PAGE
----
You are about to access an external page. Its content may not be accessible to all users.

New vegetarian highlights on board

Read in: Deutsch or Français

It’s 22 August, and we’re waiting in an unassuming entrance hall at the Gate Gourmet building in Kloten. This subsidiary of gategroup, the global provider of onboard services and products, is the world’s leading supplier of catering to airlines, airports and airport lounges. Gate Gourmet also supplies SWISS with its airline-specific meals.

Kim Ang Svay, who has been the Head of Development at Gate Gourmet for ten years now, welcomes us and takes us straight up to the test kitchen on the third floor. This is where the new meals for the various cabin classes on board are created and where the vegetarian options provided by Hiltl are reproduced. The successful partnership between SWISS and Hiltl is now in its eleventh year. People were already hard at work in the kitchen on the day before our visit to prepare everything for the big day today: approving the vegetarian options that will be served in SWISS First and SWISS Business on long-haul flights in 2020.

A selected team of experts (executive chefs and specialists of Gate Gourmet, Hiltl and SWISS Inflight Services) had already had the pleasure of a first tasting of 16 dishes at Hiltl’s in advance. They had also already had a briefing session. Every year, a month before the first tasting in July, Hiltl sends SWISS an Excel file with all the ingredients for the vegetarian SWISS First and SWISS Business meal suggestions for the next flying year, along with explanatory comments and sometimes pictures of the dishes as well. Inspiration for the menu planning is found in Hiltl’s extensive recipe database, which consists of over 2,500 dishes. Current and popular Hiltl dishes are also taken into account in the development of new recipes for SWISS.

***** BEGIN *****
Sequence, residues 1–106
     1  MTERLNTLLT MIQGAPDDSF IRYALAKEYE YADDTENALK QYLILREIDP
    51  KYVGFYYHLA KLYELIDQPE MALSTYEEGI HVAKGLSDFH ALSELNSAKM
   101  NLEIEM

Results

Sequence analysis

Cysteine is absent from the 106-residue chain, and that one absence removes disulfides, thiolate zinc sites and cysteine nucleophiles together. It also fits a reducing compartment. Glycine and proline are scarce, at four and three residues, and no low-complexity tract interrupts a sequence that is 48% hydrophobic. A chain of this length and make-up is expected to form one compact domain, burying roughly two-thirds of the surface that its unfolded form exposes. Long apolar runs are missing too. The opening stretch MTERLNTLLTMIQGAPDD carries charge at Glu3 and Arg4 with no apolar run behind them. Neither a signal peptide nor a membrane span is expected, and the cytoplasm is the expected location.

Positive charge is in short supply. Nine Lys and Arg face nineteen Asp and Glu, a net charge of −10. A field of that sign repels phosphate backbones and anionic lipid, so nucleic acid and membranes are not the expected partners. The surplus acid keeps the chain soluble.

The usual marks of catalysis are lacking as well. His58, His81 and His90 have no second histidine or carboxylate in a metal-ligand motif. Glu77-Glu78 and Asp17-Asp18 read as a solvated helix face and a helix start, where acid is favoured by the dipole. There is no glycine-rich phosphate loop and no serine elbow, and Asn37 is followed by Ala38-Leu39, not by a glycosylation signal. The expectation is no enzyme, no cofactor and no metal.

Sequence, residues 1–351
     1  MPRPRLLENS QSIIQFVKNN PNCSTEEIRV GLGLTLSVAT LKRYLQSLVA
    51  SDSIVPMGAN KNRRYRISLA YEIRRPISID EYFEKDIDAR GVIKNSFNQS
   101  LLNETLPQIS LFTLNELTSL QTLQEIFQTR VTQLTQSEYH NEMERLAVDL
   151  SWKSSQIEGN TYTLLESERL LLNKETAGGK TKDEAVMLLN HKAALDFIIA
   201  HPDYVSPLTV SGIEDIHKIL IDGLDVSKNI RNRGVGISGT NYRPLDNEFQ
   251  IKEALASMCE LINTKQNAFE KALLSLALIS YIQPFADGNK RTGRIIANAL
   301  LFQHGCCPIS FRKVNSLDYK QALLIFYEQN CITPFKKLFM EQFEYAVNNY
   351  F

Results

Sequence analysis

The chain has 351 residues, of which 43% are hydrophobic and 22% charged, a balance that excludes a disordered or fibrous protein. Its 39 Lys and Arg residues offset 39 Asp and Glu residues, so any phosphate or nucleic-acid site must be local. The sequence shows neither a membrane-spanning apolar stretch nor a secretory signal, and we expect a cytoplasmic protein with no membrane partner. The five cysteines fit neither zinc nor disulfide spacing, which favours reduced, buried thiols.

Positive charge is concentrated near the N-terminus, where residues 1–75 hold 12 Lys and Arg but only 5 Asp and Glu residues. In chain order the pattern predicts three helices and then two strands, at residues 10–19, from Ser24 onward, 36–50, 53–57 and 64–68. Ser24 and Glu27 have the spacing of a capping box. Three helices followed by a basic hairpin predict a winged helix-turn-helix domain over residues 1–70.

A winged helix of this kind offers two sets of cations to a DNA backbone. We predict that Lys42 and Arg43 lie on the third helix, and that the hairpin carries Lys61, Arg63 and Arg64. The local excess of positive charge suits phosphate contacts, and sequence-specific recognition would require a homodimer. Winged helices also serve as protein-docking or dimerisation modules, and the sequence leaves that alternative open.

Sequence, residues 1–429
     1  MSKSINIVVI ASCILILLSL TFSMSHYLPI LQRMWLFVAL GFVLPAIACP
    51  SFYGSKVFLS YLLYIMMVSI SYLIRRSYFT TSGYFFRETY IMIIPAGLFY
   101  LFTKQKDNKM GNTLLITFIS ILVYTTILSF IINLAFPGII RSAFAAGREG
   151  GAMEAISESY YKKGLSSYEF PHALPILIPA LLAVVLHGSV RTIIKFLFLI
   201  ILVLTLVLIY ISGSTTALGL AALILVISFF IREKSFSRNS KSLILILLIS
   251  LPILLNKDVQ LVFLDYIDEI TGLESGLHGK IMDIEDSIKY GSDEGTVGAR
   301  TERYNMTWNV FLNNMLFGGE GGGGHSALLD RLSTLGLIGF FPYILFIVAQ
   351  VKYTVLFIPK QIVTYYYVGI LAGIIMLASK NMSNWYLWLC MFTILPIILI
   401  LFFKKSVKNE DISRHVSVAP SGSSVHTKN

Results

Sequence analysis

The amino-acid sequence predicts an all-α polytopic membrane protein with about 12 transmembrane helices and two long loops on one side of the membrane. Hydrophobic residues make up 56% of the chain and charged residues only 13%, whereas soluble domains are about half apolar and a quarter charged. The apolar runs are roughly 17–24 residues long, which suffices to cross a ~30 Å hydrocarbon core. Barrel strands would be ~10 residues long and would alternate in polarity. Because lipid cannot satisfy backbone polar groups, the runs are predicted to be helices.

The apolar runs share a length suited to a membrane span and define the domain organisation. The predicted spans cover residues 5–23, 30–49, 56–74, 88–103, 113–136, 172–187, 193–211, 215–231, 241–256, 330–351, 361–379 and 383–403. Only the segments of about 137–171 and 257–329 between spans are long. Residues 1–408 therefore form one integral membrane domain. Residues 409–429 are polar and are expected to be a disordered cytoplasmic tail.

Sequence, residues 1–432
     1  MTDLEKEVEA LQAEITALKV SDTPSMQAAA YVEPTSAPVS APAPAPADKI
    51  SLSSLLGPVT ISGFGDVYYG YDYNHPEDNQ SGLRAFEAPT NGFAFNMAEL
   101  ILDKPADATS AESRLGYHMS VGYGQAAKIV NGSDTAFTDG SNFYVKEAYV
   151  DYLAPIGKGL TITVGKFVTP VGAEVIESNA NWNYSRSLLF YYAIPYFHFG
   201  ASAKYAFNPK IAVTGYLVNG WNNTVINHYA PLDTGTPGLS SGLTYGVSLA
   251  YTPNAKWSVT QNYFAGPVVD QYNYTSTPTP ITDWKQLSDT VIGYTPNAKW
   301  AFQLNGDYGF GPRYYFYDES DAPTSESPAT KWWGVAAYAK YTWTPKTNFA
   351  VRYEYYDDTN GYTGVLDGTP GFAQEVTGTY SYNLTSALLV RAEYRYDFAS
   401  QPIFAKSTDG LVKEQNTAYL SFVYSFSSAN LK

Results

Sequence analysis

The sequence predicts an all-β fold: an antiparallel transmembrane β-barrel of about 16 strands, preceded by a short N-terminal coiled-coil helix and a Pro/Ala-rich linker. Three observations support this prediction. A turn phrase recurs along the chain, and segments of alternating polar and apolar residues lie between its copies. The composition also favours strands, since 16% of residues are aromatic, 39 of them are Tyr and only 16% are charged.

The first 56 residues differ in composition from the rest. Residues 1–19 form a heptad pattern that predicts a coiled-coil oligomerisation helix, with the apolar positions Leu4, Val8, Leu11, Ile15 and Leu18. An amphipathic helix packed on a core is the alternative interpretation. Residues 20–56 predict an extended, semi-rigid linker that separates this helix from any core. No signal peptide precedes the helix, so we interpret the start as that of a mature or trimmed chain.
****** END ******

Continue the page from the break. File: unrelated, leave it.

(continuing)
SWISS and Gate Gourmet check the suggested menus together for the following criteria: seasonality, majority appeal, taste, appearance and logistics/feasibility depending on the volume and cabin class. Gate Gourmet usually prepares the dishes one day before departure, special requests or changes up to just a few hours in advance. Depending on the consistency of a particular dish – a very runny tomato sauce, for instance – the transfer from the kitchen to nearby Zurich airport can be such a challenge that it might have to be removed from the menu if it proves too difficult to handle. The possibilities for reheating and presentation on board is another obstacle that has to be considered, as some dishes might require too much time and/or space for the preparation.